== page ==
This Newbery Award winner is definitely worth your time. In this dystopian, space adventure, planet Earth is destroyed by a comet, and humanity’s only hope is for a group of Earthlings to resettle on a planet nearly 400 years away. Petra Peña, the 12-year-old heroine, is put into “stasis” along with her family to survive the travel time. When Petra wakes up, nothing is as it should be. A brainwashing Collective has taken over the ship. She is the only one who still has her memories of life on Earth and needs to preserve the past by charting her own course for the future.
The Last Cuentista Details
Lately, I have been having a lot of trouble finding family read-alouds that my middle school son enjoys. He doesn’t like anything sentimental or sappy. Nothing with an obvious message. There better not just be talking….he requires action and a plot that propels itself forward. The Last Cuentista was a winner for him. He and my 10-year-old daughter both loved this book.
My 8-year-old son is a bit more sensitive. He says that he liked the book too, but there is a surprising amount of death in it for a middle-grade novel. In the first chapter, when they are escaping a comet that is on a path to destroy earth and Petra has to leave her beloved grandmother behind. In the middle of the novel, she finds out both of her parents have been “purged.” When I warned my kids beforehand that not all of the characters we meet at the beginning are going to make it to the end, my 3rd grader was a little concerned that this book was “not for kids.” However, the book does not spend a lot of time focusing on the characters that get killed off, so my kids didn’t get attached to them. It ended up not being too upsetting for my 8 year old, and there is a twist near the end that he found pleasantly surprising.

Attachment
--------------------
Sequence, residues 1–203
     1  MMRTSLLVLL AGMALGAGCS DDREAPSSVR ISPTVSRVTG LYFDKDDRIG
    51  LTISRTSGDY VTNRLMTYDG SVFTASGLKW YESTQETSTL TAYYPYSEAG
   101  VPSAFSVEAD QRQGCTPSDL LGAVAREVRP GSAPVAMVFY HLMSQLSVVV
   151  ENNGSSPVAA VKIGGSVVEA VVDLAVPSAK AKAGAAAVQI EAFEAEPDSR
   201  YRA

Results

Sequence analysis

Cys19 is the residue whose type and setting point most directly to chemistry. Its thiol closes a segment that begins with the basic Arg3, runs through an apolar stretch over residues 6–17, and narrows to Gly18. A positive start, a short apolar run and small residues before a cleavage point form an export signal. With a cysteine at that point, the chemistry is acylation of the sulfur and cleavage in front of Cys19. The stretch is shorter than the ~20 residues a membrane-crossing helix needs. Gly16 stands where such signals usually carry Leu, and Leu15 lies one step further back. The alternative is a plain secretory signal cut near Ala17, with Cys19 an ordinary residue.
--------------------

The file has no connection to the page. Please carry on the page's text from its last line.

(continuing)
I actually learned about this book because I was assigned to be the Brave Writer coach leading the book club for it. (Brave Writer always has such great book recommendations. I have been using them since long before I started working for them.) Overall, the reception of this book by middle schoolers enrolled in my class was overwhelmingly positive. Several students seemed to think they weren’t going to like it in the beginning, but by the end, they were sold.
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